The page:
Curriculum Overview 

Scientific and Philosophical Studies of Mind (SPM) seeks to bridge the sciences and the humanities in the study of a common topic: the nature of mind. In order to provide a breadth of perspective as well as depth in an area of special interest, the SPM curriculum divides into two majors: Cognitive Science and Moral Psychology.

Cognitive science is concerned with how minds fit into the natural world. Nature is mechanistic; could the mind be a machine? Can other animals—or even computers or robots—think? What is the (neural?) basis for consciousness? How do minds and mental abilities develop as we mature?

Moral psychology is concerned with what it is for an individual to be a worthwhile and responsible moral agent, and with the psychological processes that lead people to engage in altruistic actions and to evaluate and punish others’ behaviors. Can we square our moral assessment of persons with a psychological understanding of the self? What does it take for a life to be significant or meaningful? Are humans primarily motivated toward good or evil? Is a moral sense innate or learned? To what extent do emotion and reason underlie moral judgments and actions?

Successfully bridging the sciences and humanities so as to answer these questions requires that students gain a broad background in both the content and methodology of philosophy and psychology; the courses in the “Core” of the program aim to provide this background. The needed depth is provided in the majors themselves, in which students further hone their skills of critical thinking and philosophical analysis in the context of the interpretation, assessment and even construction of empirical research. The SPM majors culminate in the Senior Research Seminar, in which students conduct research on a topic that combines both philosophical and scientific approaches to the study of a topic of their choosing. Students may also expand their senior thesis with the goal of presenting the project for departmental honors.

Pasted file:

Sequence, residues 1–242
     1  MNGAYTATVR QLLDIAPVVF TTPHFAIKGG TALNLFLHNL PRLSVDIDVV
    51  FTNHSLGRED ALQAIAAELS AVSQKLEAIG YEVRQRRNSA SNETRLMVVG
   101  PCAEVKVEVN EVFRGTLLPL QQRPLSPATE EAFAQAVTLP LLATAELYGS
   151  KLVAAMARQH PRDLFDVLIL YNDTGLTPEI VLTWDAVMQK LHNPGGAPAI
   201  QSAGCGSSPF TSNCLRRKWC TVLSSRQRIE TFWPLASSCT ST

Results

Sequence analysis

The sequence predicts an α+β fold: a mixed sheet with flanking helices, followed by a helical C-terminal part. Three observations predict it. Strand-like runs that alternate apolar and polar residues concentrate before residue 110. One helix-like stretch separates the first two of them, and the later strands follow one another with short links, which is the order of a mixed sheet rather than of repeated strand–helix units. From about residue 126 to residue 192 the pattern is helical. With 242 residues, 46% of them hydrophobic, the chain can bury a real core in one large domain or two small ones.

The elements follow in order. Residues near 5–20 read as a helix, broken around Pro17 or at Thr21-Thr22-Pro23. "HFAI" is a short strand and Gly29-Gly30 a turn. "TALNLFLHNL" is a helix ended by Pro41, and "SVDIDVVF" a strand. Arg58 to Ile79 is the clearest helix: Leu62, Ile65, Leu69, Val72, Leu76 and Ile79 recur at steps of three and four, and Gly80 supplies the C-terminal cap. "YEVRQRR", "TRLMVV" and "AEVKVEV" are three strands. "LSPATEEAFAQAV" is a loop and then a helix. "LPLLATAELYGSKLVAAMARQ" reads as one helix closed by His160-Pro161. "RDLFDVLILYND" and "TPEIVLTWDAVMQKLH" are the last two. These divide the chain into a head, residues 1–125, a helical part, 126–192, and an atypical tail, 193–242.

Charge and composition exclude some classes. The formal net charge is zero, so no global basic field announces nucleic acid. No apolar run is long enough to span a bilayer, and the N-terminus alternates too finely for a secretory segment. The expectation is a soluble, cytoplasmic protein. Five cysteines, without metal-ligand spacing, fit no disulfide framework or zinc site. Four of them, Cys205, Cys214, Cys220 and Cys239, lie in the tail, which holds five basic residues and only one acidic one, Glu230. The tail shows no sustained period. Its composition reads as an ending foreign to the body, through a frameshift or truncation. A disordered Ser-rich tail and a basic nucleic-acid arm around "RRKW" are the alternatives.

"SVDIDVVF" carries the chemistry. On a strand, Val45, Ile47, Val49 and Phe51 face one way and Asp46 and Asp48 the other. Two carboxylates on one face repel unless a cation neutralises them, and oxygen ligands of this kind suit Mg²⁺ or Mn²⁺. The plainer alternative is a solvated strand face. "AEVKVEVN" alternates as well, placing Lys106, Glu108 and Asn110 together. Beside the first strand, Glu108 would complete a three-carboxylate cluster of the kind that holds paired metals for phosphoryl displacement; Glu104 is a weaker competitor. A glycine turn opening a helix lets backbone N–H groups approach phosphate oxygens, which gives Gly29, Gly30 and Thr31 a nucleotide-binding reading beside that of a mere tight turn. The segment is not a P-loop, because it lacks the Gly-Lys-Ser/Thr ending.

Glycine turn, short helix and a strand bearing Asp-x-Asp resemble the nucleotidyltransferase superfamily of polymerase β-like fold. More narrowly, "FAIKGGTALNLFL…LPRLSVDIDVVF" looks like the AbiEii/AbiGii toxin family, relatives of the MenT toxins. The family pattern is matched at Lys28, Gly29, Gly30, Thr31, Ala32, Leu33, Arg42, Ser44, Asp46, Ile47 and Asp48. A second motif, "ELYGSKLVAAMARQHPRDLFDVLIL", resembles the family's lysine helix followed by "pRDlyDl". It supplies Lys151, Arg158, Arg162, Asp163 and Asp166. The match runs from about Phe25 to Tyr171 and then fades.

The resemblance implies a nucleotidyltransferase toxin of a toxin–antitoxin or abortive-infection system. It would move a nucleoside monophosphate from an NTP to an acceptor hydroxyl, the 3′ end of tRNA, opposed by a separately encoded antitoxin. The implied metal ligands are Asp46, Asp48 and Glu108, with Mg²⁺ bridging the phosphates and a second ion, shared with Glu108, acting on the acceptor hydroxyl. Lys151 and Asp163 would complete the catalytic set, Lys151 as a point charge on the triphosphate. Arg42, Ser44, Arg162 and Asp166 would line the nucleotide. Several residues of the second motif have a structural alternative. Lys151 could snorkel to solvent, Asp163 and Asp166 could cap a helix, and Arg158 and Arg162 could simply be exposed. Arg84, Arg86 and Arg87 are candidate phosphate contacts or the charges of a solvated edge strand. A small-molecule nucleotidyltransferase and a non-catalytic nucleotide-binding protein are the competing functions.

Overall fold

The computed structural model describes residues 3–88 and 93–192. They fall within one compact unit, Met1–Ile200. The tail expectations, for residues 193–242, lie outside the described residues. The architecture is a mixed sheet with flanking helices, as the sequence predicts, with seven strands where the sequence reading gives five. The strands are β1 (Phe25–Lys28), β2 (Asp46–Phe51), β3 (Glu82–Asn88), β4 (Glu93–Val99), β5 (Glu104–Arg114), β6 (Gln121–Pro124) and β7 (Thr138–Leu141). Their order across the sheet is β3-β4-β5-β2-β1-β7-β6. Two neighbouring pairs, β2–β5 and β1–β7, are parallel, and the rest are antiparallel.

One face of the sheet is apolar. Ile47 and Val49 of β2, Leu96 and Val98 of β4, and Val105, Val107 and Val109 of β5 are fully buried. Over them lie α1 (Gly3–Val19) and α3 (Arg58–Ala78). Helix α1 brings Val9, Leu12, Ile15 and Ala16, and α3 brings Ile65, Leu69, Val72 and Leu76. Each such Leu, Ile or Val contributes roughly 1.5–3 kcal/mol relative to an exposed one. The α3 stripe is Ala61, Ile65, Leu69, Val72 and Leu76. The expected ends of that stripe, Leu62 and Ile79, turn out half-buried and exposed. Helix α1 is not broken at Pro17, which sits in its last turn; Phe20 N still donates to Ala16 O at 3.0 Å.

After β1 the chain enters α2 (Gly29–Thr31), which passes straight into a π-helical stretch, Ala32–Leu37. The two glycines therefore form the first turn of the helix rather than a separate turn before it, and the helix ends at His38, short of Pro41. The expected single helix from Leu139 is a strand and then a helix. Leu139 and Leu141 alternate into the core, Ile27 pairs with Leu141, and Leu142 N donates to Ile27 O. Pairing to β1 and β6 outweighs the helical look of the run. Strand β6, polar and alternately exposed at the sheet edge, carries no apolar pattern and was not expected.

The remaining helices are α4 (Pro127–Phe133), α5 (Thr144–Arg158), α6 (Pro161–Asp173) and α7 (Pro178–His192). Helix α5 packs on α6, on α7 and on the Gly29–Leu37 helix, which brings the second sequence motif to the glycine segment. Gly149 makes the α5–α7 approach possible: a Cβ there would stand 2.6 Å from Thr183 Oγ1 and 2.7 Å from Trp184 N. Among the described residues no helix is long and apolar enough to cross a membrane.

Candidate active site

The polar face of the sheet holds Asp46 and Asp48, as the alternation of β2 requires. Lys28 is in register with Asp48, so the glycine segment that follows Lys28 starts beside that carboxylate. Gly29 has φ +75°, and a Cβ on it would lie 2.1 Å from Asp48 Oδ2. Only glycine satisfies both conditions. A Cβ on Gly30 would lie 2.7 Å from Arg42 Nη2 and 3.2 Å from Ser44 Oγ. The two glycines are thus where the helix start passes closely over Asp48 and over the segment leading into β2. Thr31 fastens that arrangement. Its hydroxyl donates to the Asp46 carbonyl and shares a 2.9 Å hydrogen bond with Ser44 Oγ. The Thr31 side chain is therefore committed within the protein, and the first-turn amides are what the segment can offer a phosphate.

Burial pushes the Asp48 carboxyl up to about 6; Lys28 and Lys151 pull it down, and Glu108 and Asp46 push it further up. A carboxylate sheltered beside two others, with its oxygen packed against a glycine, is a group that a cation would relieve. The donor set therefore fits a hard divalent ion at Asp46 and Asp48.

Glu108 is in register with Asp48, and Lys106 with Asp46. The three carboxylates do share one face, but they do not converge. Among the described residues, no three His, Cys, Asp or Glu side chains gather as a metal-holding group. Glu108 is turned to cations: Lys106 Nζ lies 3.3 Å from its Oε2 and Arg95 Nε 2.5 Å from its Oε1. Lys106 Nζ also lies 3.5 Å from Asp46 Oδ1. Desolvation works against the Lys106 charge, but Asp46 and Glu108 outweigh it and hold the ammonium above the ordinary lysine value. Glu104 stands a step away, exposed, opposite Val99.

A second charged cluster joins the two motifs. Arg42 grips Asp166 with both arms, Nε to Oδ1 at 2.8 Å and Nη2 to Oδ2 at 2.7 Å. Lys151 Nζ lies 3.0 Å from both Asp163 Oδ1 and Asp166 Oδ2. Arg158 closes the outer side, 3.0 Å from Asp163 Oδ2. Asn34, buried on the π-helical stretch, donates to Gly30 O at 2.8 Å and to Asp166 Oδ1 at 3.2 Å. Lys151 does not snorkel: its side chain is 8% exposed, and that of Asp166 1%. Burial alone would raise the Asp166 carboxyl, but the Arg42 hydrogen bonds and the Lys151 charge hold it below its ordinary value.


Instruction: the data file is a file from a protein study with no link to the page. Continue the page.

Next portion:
Each major offered as part of the SPM program consists of 12 courses. Of these, five courses are required as a part of a common core, and six courses are specific to each of the majors, designated below. Of these six courses, three must be in the sciences (at least one at or above the 300-level), and three must be in the humanities (at least one at or above the 300-level). The remaining course can be from either major or from the following list: ANT 330; BIO 330; BIO 343; CPS 222; CPS 337; ECO 350; PHI 213; PHI 217; PHI 381.

Students intending to major in SPM are encouraged to take one or more of the following courses in their first year: SPM 100, PSY 230.

 

AREAS OF CONCENTRATION

Majors may select either the Cognitive Science or the Moral Psychology Concentration. The six courses within the concentration must be evenly split between those designated as science courses and those designated as humanities courses. In addition, at least one course in the sciences and at least one course in the humanities must be at the 300-level or higher. The following summarizes what courses fulfill what requirements in the concentrations.

Cognitive Science

Core: SPM 100: Minds, Machines, and Morals; PSY 230: Experimental Design and Statistics; PHI 250: Philosophy of Mind; PHI 337: Philosophy of Natural Science; SPM 499: Senior Research Seminar.

Sciences: CPS 112: Computer Science II; BIO 220: Principles of Physiology and Development; BIO 240: Neuroscience; PSY 250: Animal Behavior; PSY 301: Sensation and Perception; PSY 302: Biopsychology; PSY 304: Developmental Psychology; PSY 305: Cognitive Psychology; PSY 306: Evolution of Mind and Intelligence; PSY 309: Social Psychology; PSY 310: Conditioning and Learning; PSY 312: Embodied Cognition; PSY 313: Cognitive Neuroscience; PSY 314: Child Development in Cultural Context; PSY 460: Advanced Quantitative Methods; CPS 367: Artificial Intelligence; PSY 489: History and Philosophy of Psychology; PSY 48x: Collaborative Research.

Humanities: LIN 101: General Linguistics; LIN 120: Sociolinguistics; LIN 272: Psycholinguistics; PHI 244: Symbolic Logic; PHI 272: Knowledge and Reality; PHI 331: Free Will; PHI 335: Epistemology; PHI 339: Philosophy of Language; PHI 342: Rational Choice; PHI 353: Phenomenology and Cognitive Science; PHI 351: Mind-Body Problem; PHI 352: Philosophy of Emotions

Moral Psychology

Core: SPM 100: Minds, Machines, and Morals; PSY 230: Experimental Design and Statistics; PHI 250: Philosophy of Mind; PHI 337: Philosophy of Natural Science; SPM 499: Senior Research Seminar.